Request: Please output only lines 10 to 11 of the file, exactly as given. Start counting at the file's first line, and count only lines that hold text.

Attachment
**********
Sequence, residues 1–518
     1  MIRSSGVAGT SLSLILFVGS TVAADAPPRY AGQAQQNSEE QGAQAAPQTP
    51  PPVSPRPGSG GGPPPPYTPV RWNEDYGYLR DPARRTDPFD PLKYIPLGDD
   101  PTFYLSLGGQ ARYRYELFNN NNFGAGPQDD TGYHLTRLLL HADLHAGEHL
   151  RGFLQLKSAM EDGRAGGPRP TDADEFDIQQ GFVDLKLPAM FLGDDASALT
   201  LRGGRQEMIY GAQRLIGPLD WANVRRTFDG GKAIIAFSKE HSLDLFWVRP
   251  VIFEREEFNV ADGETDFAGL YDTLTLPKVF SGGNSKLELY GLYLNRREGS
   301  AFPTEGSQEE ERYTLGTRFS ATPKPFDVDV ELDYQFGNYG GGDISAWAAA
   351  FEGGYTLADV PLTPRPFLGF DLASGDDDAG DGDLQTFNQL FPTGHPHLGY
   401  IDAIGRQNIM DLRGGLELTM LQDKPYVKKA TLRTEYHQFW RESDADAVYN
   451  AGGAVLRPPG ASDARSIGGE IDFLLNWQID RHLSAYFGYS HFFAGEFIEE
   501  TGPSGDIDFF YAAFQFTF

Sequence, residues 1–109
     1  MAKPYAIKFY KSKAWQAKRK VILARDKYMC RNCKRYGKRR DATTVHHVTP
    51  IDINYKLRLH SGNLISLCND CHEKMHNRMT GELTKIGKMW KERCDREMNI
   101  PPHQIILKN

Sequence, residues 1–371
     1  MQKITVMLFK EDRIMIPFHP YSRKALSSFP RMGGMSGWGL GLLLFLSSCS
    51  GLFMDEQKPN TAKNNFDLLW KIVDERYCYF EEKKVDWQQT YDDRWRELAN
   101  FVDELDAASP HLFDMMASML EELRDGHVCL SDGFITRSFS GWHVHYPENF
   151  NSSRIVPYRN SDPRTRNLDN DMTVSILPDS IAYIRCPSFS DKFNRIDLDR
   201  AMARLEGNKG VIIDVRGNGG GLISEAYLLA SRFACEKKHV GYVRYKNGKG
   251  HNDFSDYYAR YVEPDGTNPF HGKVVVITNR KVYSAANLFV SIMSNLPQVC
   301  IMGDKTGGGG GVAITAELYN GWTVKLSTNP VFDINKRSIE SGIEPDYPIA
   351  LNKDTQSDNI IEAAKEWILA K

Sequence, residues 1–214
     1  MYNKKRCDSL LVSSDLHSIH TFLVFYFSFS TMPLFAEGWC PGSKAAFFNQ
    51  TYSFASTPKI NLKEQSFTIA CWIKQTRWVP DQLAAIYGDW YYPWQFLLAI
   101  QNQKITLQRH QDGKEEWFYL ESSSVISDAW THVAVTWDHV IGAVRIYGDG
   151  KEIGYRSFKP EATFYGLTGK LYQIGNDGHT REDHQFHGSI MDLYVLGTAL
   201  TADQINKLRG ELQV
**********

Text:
   401  IDAIGRQNIM DLRGGLELTM LQDKPYVKKA TLRTEYHQFW RESDADAVYN
   451  AGGAVLRPPG ASDARSIGGE IDFLLNWQID RHLSAYFGYS HFFAGEFIEE